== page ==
When Ben Fogle tweeted his opposition last week to fox hunting, one user called him a “typical townie”. When he responded that he had lived and worked in the countryside for 20 years they came back to suggest he was over emotional.
You get this a lot if you take a reasoned stance on wildlife issues. Take the badger cull, set to continue this autumn. It is often reported as a battle: wildlife lovers vs farmers, town vs country, sentimentalists vs gritty realists. But scientific evidence is against it. Not to mention, actually, a good number of cattle farmers and rural landowners like the National Trust.
The Randomised Badger Culling Trial famously concluded that badger culling could make “no meaningful contribution” to bovine TB control. The scientists themselves warned the then Defra minister David Miliband that it might even make it worse since disturbance of badgers’ social groups could lead to infected survivors spreading the disease further afield. Miliband listened and, despite pressure from the National Farmers Union, said there would be no badger cull under the Labour government. David Cameron didn’t listen and, with pressure from the NFU, promised a badger cull in his winning 2010 manifesto.
Actually, the vast majority of badgers killed during the RBCT were disease-free and only 1.65 per cent of those with bTB were suffering contagious, late-stage symptoms. Perhaps this inconvenient truth is why the government has made the bizarre decision not to bother testing dead badgers. Who wants to produce more data against the badger cull, eh?
Badgers are also not the only carriers of bTB; farm cats are more likely to spread the disease. But most likely to spread bovine TB (sorry if I insult your intelligence here by stating the bloody obvious) are the bovines themselves.
In a rush to re-stock cattle herds after the devastation of foot and mouth disease in 2001, hundreds of thousands of cattle were moved around the country with no bTB testing and the number of cattle culled for bTB increased by 300 per cent in 2002.
Wales has managed to almost halve bTB in cattle recently without any badger culling, instead tightening restrictions on cattle movement, improving biosecurity and vaccinating badgers. They’ve also implemented more rigorous TB testing for cows as, alarmingly, the basic skin test used in England misses half of infected cattle. Elsewhere in the UK, an outbreak on the Isle of Skye last month put Scotland’s enviable TB-free status at risk. Broadcaster Simon King tweeted “Killing badgers is a tragic distraction to tackling the problem of bTB in cattle. There are NO badgers on Skye.”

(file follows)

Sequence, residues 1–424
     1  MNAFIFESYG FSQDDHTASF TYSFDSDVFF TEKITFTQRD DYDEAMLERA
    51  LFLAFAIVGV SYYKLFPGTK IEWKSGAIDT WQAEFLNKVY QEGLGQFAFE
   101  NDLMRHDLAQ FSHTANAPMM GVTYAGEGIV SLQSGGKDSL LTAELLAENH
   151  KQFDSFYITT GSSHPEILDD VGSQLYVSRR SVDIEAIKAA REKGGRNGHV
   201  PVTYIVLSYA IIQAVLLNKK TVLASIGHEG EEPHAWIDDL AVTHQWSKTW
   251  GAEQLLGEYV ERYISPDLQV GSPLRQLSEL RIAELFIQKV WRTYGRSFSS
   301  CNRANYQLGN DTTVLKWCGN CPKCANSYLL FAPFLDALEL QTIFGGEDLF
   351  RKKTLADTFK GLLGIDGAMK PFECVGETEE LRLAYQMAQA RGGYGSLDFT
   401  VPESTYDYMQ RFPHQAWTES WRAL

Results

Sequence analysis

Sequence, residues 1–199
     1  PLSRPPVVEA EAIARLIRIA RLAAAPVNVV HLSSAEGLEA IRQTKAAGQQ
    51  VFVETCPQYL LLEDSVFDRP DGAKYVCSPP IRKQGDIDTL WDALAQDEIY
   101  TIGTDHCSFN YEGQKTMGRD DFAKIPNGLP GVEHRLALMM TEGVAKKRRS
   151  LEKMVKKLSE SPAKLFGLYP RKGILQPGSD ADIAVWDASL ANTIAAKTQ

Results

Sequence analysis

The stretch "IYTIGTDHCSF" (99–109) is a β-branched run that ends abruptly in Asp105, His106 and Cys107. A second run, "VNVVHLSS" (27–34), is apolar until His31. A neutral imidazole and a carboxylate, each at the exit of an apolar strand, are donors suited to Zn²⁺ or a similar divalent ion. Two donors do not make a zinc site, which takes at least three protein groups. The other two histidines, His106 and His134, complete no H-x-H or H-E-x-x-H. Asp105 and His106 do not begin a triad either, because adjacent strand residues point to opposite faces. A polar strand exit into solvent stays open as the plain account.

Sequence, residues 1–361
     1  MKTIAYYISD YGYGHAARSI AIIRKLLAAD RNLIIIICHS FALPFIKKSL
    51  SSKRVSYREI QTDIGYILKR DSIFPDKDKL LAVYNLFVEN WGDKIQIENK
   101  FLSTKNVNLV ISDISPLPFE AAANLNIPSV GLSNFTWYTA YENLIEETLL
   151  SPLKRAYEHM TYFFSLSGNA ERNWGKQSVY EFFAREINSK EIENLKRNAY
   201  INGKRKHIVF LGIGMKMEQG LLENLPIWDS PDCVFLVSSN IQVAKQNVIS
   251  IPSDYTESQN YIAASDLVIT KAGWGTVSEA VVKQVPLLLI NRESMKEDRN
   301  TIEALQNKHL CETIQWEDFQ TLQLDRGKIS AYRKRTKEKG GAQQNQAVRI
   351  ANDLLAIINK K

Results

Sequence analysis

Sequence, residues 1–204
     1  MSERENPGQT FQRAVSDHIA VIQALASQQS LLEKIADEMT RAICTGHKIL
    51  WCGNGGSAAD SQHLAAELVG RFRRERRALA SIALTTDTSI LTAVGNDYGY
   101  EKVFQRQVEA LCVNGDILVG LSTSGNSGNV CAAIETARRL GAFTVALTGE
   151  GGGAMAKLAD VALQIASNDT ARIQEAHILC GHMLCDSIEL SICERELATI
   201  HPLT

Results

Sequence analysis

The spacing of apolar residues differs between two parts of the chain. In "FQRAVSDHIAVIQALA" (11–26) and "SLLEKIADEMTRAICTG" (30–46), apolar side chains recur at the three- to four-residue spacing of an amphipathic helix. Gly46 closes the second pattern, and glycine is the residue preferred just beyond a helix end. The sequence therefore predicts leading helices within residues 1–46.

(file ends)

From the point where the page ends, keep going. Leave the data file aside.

Here’s maybe the most bizarre bit of the whole badger cull debacle – there isn’t a bTB vaccine for cows. And the government has delayed plans to develop one on the grounds of cost, while cracking on with the increasingly expensive badger cull. If I was a farmer, I’d be livid.
It’s not the only issue in our countryside where science is being ignored at taxpayers and wildlife’s expense. In order to create the high numbers of red grouse expected at a driven grouse shoot, gamekeepers burn the heather to stimulate growth of young shoots for the grouse to feed on. A recent study concluded that this heather burning degrades peatland carbon stores, known as “the Amazon of the UK”, polluting rivers and contributing to climate change. Our water treatment bills rise because of it and rural communities like Hebden Bridge – below a grouse moor under investigation by the EU for its intensive moorland management – are flooded again and again.
Despite this, landowners receive government subsidies. An investigation by Friends of the Earth found 30 grouse shooting estates – owned by lords, dukes, barons and bankers alike – had claimed more than £4 million in income support in 2014.
The government can keep payrolling damaging rural practises. Twitter trolls can goad with “over emotional townie” arguments. But the cold hard scientific facts will keep proving them wrong.